Our cities are still defined by urban structures established many centuries ago, sometimes dating back to Roman times, more often shaped in the Renaissance and the Industrial Revolution. However, our world is changing rapidly. Surfaces are always the result of the underlying principles.
Are the solutions of the past still viable today, especially in face of technological advances of post-modern societies such as the internet? I’m interested in how urban environments, architectural and transportation concepts can be made more responsive to the needs of its current inhabitants. How cities can become more useful, sustainable and flexible. But: Growth and prosperity are limited more than ever. Cities will have to adjust to this. How will this affect the city’s surfaces in the future? Start to imagine!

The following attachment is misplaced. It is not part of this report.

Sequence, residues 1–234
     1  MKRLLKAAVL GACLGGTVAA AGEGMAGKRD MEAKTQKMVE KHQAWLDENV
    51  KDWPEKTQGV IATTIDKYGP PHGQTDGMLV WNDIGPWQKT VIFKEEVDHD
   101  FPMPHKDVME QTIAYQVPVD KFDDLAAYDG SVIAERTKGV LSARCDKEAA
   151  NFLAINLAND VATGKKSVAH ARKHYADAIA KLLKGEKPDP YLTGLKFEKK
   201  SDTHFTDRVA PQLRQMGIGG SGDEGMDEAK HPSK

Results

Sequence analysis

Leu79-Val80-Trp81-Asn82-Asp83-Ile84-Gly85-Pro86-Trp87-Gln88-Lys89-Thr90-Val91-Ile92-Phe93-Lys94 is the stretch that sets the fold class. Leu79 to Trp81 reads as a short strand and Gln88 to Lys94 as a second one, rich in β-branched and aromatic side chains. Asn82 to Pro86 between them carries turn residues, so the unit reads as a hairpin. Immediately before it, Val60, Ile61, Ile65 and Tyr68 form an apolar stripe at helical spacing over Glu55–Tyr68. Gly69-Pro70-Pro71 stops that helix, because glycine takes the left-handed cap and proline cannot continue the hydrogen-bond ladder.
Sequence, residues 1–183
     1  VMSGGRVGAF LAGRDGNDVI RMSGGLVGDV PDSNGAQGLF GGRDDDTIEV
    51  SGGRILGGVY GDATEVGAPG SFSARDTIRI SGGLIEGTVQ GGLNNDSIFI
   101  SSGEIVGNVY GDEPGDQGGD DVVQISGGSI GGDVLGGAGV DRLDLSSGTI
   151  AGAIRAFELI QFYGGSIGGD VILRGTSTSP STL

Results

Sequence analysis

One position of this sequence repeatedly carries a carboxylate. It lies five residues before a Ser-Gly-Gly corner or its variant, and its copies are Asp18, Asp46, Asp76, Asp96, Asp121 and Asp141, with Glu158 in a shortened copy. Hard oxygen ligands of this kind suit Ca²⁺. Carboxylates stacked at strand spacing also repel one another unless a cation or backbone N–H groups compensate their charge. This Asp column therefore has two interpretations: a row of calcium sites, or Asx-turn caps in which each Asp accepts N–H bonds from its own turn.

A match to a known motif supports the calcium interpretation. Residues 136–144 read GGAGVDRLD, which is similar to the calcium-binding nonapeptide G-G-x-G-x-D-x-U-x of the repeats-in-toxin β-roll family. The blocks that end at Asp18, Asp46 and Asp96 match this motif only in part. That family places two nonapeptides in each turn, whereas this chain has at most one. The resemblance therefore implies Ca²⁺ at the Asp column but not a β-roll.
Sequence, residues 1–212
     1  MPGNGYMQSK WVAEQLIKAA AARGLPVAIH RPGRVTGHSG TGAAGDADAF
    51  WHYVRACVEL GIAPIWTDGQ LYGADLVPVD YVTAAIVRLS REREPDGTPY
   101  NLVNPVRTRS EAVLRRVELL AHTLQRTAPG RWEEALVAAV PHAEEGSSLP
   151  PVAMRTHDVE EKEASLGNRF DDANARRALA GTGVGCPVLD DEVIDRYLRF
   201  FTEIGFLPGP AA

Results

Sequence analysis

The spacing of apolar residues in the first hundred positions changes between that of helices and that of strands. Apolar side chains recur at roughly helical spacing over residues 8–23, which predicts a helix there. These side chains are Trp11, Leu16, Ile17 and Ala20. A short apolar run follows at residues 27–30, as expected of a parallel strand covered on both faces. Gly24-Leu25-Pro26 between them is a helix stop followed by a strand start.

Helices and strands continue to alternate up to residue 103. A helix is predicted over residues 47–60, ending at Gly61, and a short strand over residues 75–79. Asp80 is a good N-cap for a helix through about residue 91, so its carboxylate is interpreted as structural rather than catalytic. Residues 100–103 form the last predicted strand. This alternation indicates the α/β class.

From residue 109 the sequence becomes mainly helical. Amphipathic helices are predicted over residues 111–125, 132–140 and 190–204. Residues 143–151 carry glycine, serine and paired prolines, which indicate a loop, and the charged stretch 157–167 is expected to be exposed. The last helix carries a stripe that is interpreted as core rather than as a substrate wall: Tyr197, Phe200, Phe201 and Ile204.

Mario Lombardo asks: What should the surface of a city look like?
Nathan Vincent answers: I have been interested in the way cities are built in layers for years. Ancient civilizations built one on top of another and modern cities sometimes do the same, burying the old to make room for the new. After moving to New York I was surprised to learn that there is an entire underworld below us, beyond just the subway system. Basements that are connected, buildings that have “sunk”, and of course the buildings that are demolished to make room for new shiny buildings.
I love the idea of walking and driving around on the streets of New York, with an entire world beneath us. Manhole covers always seem like a portal to the underworld of New York- something hidden, something mysterious, the connection between the past and the present.